“Royal has shown that he can play both the point and off-guard positions,” said Harris. “He has good size and athleticism, and brings a defensive mentality to our roster.”With the comments about guard versatility, Harris seems to hint that Ivey will assume the role of the possibly departing Charlie Bell.
However, as Just Another Bucks Fan notes, a Milwaukee Journal-Sentinel article reveals a quote from Harris that flies in the face of that implication.
"There's no direct correlation at all, Bucks general manager Larry Harris said of Ivey's signing. We already had planned to do this, regardless of the Charlie Bell situation. "While it’s reasonable to believe the Bucks were interested in bolstering their backcourt depth regardless of Bell’s situation, Bell’s signing with the Heat yesterday and the addition of Ivey today hardly looks coincidental. Harris might not refute that anyway, because if you read his words closely, you’ll find that he doesn’t say there isn’t a correlation, rather that there isn’t a direct correlation.
The Bucks don’t likely have any interest in matching the Heat’s offer. That doesn’t mean they are going to publically admit that for the next six days or so, probably preferring to methodically weigh their options and let Bell fret over the mere possibility.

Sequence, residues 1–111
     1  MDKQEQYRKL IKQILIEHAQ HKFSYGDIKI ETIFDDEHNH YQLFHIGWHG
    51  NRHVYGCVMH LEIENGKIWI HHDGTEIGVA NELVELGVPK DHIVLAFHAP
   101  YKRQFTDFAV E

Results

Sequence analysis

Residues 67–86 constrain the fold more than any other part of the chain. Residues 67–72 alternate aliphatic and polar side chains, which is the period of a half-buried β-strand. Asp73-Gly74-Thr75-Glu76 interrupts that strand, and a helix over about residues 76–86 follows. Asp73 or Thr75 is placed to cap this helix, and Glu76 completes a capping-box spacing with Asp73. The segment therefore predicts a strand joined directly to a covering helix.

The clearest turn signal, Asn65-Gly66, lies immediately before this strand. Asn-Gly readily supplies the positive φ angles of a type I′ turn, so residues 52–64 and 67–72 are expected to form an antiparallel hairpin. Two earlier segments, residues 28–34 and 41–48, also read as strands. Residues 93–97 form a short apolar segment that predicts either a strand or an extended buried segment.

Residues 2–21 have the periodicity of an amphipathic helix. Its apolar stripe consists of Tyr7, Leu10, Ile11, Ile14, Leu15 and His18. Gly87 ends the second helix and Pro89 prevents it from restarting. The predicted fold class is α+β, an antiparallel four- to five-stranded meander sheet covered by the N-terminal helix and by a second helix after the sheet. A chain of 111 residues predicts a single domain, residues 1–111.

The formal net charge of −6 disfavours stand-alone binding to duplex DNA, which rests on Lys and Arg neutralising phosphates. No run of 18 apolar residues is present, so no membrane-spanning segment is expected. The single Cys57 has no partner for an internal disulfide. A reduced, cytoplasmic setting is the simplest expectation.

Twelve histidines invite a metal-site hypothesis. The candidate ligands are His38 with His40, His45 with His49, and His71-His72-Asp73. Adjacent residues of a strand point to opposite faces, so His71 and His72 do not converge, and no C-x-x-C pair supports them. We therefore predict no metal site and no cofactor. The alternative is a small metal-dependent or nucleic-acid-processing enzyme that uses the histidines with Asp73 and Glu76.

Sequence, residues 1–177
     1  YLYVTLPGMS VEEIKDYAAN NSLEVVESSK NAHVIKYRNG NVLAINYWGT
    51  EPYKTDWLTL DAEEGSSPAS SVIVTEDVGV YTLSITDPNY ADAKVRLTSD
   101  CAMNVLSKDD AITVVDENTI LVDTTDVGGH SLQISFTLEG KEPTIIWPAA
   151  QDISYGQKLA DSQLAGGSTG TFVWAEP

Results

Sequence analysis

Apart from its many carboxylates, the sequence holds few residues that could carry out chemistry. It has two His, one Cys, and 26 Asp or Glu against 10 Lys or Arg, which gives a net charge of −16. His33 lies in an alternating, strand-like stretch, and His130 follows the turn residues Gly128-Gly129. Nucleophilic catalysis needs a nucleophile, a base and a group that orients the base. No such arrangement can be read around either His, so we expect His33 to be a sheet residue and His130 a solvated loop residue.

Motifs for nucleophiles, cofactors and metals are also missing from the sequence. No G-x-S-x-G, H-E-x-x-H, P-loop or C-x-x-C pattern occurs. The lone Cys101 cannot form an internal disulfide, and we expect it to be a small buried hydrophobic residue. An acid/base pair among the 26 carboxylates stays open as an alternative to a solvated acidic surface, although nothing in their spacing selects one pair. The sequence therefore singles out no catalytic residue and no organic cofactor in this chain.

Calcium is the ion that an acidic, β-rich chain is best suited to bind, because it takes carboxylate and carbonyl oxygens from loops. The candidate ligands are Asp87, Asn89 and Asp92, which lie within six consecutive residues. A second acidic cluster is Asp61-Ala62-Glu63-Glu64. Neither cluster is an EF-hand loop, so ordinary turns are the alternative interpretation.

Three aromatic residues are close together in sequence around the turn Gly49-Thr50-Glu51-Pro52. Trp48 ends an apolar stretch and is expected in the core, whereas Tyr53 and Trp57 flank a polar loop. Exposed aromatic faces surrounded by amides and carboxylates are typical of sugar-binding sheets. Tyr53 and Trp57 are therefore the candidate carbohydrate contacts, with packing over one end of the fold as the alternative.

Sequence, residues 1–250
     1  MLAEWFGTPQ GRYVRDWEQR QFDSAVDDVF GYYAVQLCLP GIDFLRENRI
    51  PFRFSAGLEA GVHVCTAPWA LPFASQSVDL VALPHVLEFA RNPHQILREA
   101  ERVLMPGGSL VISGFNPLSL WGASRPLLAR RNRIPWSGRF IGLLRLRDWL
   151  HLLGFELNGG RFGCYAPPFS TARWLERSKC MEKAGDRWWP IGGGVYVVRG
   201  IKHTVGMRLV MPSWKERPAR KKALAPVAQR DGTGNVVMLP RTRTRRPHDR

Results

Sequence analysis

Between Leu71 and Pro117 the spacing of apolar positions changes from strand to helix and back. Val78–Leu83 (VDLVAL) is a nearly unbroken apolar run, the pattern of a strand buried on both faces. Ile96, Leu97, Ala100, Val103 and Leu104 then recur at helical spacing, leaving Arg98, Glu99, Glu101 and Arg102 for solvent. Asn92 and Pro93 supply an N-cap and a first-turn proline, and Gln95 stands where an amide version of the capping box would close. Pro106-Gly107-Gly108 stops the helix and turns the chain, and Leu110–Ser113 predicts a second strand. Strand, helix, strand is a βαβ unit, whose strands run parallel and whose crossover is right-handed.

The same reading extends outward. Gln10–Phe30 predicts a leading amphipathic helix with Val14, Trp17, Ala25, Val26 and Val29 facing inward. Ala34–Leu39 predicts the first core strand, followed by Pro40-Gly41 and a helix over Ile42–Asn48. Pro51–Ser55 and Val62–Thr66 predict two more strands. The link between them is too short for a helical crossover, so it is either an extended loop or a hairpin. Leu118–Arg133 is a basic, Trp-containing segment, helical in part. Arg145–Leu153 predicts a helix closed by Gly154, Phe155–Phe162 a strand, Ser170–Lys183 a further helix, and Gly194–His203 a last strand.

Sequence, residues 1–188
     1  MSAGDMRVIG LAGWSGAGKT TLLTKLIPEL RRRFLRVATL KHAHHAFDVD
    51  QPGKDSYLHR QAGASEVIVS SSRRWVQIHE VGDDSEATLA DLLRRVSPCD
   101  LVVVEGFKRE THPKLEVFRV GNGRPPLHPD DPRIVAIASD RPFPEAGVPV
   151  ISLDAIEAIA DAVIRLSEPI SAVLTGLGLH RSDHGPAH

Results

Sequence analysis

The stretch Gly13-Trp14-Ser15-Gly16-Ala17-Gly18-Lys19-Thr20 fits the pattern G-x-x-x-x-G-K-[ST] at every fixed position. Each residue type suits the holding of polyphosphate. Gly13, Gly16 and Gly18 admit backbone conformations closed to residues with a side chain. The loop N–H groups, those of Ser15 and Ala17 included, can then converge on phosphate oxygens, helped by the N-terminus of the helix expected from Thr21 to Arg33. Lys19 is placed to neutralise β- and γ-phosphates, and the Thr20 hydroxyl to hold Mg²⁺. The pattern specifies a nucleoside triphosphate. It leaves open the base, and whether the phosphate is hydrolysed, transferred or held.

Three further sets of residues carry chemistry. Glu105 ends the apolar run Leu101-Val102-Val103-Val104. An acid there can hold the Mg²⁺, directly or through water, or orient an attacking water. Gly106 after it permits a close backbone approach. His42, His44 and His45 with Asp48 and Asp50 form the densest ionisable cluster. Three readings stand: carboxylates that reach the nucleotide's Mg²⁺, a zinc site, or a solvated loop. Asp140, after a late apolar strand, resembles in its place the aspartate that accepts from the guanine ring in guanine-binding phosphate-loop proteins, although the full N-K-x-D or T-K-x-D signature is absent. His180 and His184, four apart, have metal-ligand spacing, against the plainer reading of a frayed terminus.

Regardless, it’s probably time to concentrate on players that are actually going to play for the Bucks, like Ivey. Here are a few things to consider about the newest Buck:
- Ivey has mostly played point guard in the NBA. At 6'4" and 215 pounds, he becomes the team’s biggest point guard. He’s taller and weighs more than Mo Williams, Lynn Greer, and Ramon Sessions. More importantly, his size doesn't come at the expense of speed, and he's regarded as a solid defensive player.
- Not a dynamic offensive player even in college, Ivey averaged 9.4 points as a senior on Texas. Naturally, he hasn’t been a big scorer in the NBA, averaging just 3.4 points in three seasons with the Atlanta Hawks. However, in his second pro season he did go far toward earning the treasured point guard label of expert decision-maker, with a 3.2 assist-to-turnover ratio in 2005-06. At the same time he became a viable outside threat, shooting .400 on three-pointers. Unfortunately, last year saw his assist-to-turnover ratio dip to a very mediocre 1.5, a numbered bettered by Williams and Greer. His three-point percentage also fell to .313.
- The Bradley Center might be a happy home for Ivey, considering he scored a season-high 16 points in 42 minutes in the Bucks' backyard last year. His 9.0 point average against the Bucks was also his highest against any opponent on the season. Granted, the small sample-size and bloated minutes are probably the determining factors for the increased numbers.